SANDF available for Africa peacekeeping missions: Zuma


African Union Commission chairperson Nkosazana Dlamini-Zuma (L) talks to South Africa's President Jacob Zuma during the close of the 26th Ordinary Session of the Assembly of the African Union (AU) at the AU headquarters in Ethiopia's capital Addis Ababa,

PORT ELIZABETH – The SA National Defence Force (SANDF) is always ready to participate in peacekeeping missions in Africa because South Africa is passionate about peace on the continent, President Jacob Zuma said on Sunday.

“National security includes the safeguarding of South Africa and its people against a wide range of threats, many of which are non-military in nature,” he said at the annual Armed Forces Day in Port Elizabeth.


Speaking in his capacity as commander-in-chief of the SANDF, Zuma said because many of these sources of insecurity transcended state borders collective action had to be taken within multilateral organisations to provide adequate responses and lasting solutions.

“We play our role mandated mainly by the African Union (AU) with the support of the United Nations (UN), and participate in peace missions within the continent. We do this because we want to see peace and stability in our continent. We want to see the end of suffering of women and children in Africa. We want to see the end of the flight of Africans from their countries because of wars and conflicts.

“We are passionate about peace and that is why our armed forces are always ready to participate in peacekeeping missions. The African Union has taken a resolution that guns must be silenced in Africa by 2020. South Africa is playing its part meaningfully towards the achievement of that goal,” Zuma said.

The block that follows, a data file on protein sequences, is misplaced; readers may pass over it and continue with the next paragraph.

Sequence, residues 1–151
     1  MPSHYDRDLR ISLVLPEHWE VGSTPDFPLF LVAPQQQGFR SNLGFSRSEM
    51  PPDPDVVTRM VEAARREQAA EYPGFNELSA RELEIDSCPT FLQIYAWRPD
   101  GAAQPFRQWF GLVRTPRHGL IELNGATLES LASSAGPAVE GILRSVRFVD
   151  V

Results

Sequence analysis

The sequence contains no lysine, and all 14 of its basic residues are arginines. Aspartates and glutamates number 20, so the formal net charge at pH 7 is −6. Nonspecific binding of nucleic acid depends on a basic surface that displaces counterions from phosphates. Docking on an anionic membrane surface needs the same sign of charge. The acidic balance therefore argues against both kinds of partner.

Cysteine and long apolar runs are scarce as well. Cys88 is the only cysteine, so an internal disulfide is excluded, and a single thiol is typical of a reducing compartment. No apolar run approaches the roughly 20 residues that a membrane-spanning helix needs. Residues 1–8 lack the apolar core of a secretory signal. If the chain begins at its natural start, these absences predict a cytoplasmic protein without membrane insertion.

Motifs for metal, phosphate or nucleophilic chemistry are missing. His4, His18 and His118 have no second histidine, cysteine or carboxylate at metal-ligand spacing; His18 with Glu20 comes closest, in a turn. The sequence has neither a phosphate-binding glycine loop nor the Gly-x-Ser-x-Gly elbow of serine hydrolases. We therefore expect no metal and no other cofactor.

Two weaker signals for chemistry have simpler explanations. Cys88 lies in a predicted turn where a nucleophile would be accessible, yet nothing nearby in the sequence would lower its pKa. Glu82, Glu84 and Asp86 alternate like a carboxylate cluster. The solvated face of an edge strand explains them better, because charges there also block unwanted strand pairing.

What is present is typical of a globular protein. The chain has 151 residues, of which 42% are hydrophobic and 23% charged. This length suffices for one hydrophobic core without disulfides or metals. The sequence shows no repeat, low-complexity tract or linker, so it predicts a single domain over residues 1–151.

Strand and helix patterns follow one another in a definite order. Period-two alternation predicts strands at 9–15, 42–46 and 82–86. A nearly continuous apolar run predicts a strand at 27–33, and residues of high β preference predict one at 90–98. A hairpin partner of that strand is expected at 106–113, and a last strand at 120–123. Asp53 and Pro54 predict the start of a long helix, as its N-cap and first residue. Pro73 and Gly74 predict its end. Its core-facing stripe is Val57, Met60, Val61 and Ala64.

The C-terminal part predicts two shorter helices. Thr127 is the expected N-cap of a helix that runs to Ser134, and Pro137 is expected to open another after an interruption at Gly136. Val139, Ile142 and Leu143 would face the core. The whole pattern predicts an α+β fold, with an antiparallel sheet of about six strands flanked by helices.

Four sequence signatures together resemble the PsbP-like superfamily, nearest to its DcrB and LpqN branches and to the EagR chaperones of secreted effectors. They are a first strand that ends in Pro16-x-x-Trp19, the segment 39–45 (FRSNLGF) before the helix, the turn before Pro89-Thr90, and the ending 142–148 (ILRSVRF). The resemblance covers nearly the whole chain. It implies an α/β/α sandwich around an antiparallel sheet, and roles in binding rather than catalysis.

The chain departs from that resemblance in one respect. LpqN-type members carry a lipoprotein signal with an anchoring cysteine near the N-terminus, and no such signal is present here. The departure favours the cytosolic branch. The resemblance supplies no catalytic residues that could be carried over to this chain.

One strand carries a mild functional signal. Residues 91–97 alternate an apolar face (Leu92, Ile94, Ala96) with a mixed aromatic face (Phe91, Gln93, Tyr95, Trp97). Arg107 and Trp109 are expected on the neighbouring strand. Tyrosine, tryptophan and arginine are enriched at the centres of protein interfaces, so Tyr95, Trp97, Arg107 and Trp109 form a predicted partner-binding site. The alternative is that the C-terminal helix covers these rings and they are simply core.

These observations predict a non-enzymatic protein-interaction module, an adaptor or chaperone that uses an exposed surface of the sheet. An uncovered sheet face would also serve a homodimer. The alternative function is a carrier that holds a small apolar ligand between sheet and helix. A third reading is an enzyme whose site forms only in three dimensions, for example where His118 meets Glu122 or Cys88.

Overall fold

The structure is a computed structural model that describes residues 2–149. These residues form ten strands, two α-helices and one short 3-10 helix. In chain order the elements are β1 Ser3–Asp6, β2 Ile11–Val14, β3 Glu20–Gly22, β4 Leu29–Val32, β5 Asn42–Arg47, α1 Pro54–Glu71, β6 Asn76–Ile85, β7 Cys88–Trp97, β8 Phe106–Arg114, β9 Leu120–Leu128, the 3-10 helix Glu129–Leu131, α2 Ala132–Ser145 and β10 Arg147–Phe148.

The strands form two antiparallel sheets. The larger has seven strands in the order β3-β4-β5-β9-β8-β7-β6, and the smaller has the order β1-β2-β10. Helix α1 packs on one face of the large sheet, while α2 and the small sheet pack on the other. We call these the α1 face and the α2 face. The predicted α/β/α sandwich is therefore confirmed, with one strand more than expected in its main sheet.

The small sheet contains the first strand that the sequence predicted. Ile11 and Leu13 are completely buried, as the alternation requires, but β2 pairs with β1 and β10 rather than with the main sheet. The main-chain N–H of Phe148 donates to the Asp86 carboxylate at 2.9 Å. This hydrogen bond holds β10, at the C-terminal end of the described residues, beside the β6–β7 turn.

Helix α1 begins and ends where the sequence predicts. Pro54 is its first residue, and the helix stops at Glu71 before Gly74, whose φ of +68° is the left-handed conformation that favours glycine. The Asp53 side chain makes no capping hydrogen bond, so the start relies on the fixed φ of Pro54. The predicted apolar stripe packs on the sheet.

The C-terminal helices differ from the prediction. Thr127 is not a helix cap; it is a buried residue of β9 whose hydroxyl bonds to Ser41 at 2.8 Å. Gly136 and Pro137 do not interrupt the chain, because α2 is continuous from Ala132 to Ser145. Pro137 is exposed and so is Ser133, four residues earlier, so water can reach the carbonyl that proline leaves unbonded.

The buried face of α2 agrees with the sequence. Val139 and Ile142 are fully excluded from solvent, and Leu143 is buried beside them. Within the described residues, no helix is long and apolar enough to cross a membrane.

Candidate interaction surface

The newly completed Defence Review 2014 which was now ready for implementation spoke to a “modern defence force with a modern soldier”, and mapped out the direction defence would be taking for the next 30 years.


Given the new African mandate, members of the SANDF had to be equipped with skills which gave them versatility in peacekeeping operations. They should be able to use these skills when they returned home.

“This requires that we be ready at all times. We must have light, mobile forces and the ability to deploy and sustain such forces over considerable distances in remote areas, and into hostile and underdeveloped areas.

“We must also be able to cope with an escalation in hostilities. These are all aspects of the new defence force as envisaged by the Defence Review 2014,” he said.

SANDF soldiers had continued to perform exceptionally well in peace missions and had done the country proud.


One of the key demonstrations of the success of South Africa’s participation in peacekeeping missions was the recent appointment by the UN of SANDF Lt-Gen Derrick Mbuyiselo Mgwebi as force commander of the 20,000-strong UN Mission in the eastern part of the Democratic Republic of the Congo, called Monusco.

This was the largest UN peace support operation in the world and on the continent.


“The appointment of General Mgwebi is a clear indication of the confidence that the UN has in South Africa and the role and contribution we have made in peacekeeping in the continent and beyond,” Zuma said.